1 tablespoon dried hot red pepper flakes
1 tablespoon dry thyme
4 bay leaves
½ scant teaspoon liquid smoke 
2 cups dry white wine
½ pound black eye peas, cooked until just tender
1½ pounds collards, stemmed and cut into 1” dice
¼ cup cider vinegar
salt and freshly ground black pepper to taste

Place water, carrots, celery, mushrooms, parsley, peppercorns, red pepper flakes, thyme, bay, liquid smoke, and white wine into a large soup pot.  Bring to a boil and simmer until the vegetables are tender, at least 2 hours. 

Drain stock through a colander, and return stock to the pot.  Place the carrot, celery, and onions (with cloves removed) in a deep bowl with 1 cup of the stock.  Puree smooth and return to the stock.  Cut mushrooms into ¼ inch slices and return to the stock. 

Bring stock back to a simmer.  Add in cooked black eyed peas and prepared collards.  Simmer for 30 additional minutes.  Add in cider vinegar and adjust seasoning with salt and pepper.

Serve with hushpuppies (see below recipe).  Feel free to garnish with a vinegar-based hot pepper sauce, preferably some type of North Carolina barbecue-style vinegar sauce (also see below).   


1½ cups corn meal
½ cup flour
1 teaspoon salt
½ teaspoon sugar
2 tablespoons baking powder
1 teaspoon baking soda
¼ teaspoon cayenne pepper
¼ teaspoon freshly ground black pepper
¼ teaspoon garlic powder
2 eggs, beaten
1¼ cup buttermilk
2 tablespoons corn oil
½ cup green onion, finely chopped
Oil for frying

Heat oil in a deep fryer, or 2” deep oil in a cast iron skillet to 365° F. 

Sift together all dry ingredients.  Mix together all wet ingredients, and then pour into the dry ingredients.  Mix well. 

Drop 1” diameter balls of batter into the oil.  They will initially sink to the bottom, then rise to the top, and then flip over when the bottom side is cooked.  When the inital top side has flipped over and turned a golden brown, remove from oil and drain on paper toweling. 

Eastern North Carolina Barbeque Sauce

2 tablespoons cayenne pepper
1 teaspoon freshly ground black pepper
2 teaspoons salt
1 cup cider vinegar

Mix all ingredients together and pour into a clean jar.  Seal and let sit in a cool, dark place for at least 10 days.


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Middle Eastern Bean Salad


With its fresh tomato, garlic, parsley, and sautéed onion slices this simple bean salad is one of our favorites.  To get the most out of this recipe, be sure to track down small beans or field peas as these have a higher surface area to volume ratio, and thus are able to be coated in more dressing as compared to larger pulses such as pintos or garbanzos.  Although we’ve never tried it, we suspect that this recipe would work wonderfully using brown lentils.  Serves 4.

1 cup dried small beans or cowpeas cooked until tender and drained
1 medium tomato, seeded and chopped
2 cloves of garlic, minced or pressed
¼ cup chopped parsley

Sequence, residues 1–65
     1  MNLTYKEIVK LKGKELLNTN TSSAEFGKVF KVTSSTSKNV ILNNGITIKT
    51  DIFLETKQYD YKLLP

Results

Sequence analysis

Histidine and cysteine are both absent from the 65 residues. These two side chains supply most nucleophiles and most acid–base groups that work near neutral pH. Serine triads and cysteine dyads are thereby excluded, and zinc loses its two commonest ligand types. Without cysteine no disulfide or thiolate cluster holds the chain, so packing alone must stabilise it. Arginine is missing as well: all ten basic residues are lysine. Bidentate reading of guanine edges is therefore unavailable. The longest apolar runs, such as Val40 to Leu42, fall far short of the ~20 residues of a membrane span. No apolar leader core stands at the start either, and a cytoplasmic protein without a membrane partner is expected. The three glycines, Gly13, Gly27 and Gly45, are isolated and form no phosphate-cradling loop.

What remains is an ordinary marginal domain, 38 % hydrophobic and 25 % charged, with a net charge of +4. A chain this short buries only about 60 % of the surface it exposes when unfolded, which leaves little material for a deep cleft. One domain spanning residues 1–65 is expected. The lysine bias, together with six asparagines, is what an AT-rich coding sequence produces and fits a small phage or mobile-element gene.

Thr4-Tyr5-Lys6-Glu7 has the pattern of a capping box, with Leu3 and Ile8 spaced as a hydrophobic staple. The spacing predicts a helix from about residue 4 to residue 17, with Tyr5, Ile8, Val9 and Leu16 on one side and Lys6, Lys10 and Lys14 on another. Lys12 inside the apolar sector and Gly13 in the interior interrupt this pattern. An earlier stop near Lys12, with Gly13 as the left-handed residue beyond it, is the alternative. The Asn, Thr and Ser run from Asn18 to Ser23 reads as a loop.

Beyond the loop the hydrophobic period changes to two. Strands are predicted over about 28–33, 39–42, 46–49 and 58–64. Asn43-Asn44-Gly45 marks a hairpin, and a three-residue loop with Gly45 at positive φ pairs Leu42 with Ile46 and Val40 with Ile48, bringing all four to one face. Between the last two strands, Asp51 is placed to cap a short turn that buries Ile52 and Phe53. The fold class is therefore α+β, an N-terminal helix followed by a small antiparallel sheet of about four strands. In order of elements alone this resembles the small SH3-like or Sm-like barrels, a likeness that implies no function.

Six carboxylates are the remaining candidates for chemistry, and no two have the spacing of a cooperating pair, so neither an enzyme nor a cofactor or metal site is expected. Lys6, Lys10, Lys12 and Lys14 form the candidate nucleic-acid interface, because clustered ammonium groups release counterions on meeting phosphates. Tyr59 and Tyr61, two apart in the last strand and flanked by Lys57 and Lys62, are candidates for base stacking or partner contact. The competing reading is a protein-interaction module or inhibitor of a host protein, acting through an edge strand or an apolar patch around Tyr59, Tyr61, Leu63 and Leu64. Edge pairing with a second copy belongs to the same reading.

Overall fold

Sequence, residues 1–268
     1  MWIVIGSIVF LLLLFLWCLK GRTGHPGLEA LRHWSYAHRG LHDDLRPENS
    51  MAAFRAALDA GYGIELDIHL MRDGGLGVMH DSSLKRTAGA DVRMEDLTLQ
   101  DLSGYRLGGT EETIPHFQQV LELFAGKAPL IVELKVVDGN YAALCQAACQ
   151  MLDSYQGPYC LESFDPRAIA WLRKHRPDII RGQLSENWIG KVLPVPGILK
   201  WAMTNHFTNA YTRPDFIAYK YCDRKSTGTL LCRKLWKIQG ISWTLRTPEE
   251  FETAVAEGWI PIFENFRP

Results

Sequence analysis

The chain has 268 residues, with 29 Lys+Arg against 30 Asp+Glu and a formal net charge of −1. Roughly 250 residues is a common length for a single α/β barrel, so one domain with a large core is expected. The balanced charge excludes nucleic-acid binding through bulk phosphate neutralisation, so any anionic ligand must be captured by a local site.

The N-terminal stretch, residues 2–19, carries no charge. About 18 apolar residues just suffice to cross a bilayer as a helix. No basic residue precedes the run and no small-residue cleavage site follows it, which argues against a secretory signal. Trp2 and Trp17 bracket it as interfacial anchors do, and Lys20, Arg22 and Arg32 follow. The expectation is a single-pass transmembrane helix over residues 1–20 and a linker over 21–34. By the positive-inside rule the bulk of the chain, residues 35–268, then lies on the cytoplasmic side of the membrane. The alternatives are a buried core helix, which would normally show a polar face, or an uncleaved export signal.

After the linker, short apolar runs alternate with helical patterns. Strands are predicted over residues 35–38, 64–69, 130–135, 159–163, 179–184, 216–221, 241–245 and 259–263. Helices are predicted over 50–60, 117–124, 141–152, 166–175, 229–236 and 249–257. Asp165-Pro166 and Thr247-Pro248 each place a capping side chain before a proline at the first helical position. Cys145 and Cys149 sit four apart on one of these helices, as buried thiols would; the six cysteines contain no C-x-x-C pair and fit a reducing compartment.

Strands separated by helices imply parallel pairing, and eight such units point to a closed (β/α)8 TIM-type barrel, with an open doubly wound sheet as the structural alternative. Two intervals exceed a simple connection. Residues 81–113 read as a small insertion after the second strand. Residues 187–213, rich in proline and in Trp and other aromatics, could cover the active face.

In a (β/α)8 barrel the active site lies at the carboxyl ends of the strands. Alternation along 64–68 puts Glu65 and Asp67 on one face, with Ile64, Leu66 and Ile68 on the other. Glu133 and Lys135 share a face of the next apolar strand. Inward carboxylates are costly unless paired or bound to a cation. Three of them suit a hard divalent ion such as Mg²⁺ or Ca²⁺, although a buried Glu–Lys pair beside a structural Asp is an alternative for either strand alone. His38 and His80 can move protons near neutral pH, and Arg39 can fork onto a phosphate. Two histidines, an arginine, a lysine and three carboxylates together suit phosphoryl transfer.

1 medium yellow onion peeled and thinly sliced

Sauté onion slices in a tablespoon of olive oil until transparent


½ cup olive oil
1/3 cup of lemon juice
salt and freshly ground black pepper to taste.

Combine ingredients in a quart jar, cap, and shake vigorously to combine.

Mix all prepared ingredients with the dressing.  Let sit for an hour to allow the flavors to meld and serve at room temperature.

You'll want to use a sweet onion, flatleaf parsley, and a pungent but nutty Middle Eastern garlic like Himalayan Red.  Any home grown, ripened on the vine tomato will work well.  This recipe is a fine excuse to try various types of cowpeas or any other small pulse, like tepary beans. Each of will give the salad a different appearance and taste -- all of them good.  We used Garnet Rice Beans to make the salad illustrated above.


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Mustard Greens with Cowpeas and Rice -- Urfa, Turkey


As our forbearers began to move away from a hunter-gatherer lifestyle to becoming more sedentary farmers, one of the principle issues that they needed to address was balancing their protein intake from vegetable materials.  While meat provides all of the essential amino acid building blocks needed for a healthy body, a given plant material in general does not provide complete protein.  Rather it is necessary to eat a variety of vegetables to ensure that all of the needed amino acids are present in the diet.  What our ancestors learned -- and what vegetarians today recognize as one of the basic tenants of a healthy diet -- is that complete protein is usually present when you eat grass grains and legume seeds in the same meal.

It should thus not be surprising to find the combination of grains and pulses occurring over and over again across the globe, from tofu and rice (east Asia) to dhal and rice (India) to beans and corn (the Americas) to chickpeas and pasta (see the earlier recipe from this month's blog). 

In today's recipe, loosely adapted from a lamb-based dish described by Paula Wolfert in Mediterranean Grains and Greens, this tried and true combination comes from the Urfa region of southern Turkey, just across the Syrian border.  Our version combines basmati rice and cowpeas with wild greens to make a tasty, nutritional powerhouse.

There is one special ingredient for this dish that is not readily available:  Urfa pepper.  These chili pepper flakes are a specality of the Urfa region, and are characterized by their deep chocolate color and complex, almost sweet, smoky, raisin-like flavor along with the hot capsicum bite.  This condiment could not be purchased in the USA when Paula Wolfert detailed the original recipe, so she came up with a substitute based on a 1:1 combination of hot paprika with ground black pepper. 

However, this pepper is now available from a number of vendors on the Internet.  We bought ours off the shelf at the Spanish Table cooking store in Santa Fe.  While we looked for this item on their website, we've not yet been able to find it.  We're hoping that it will soon be available through their website.  Serves 6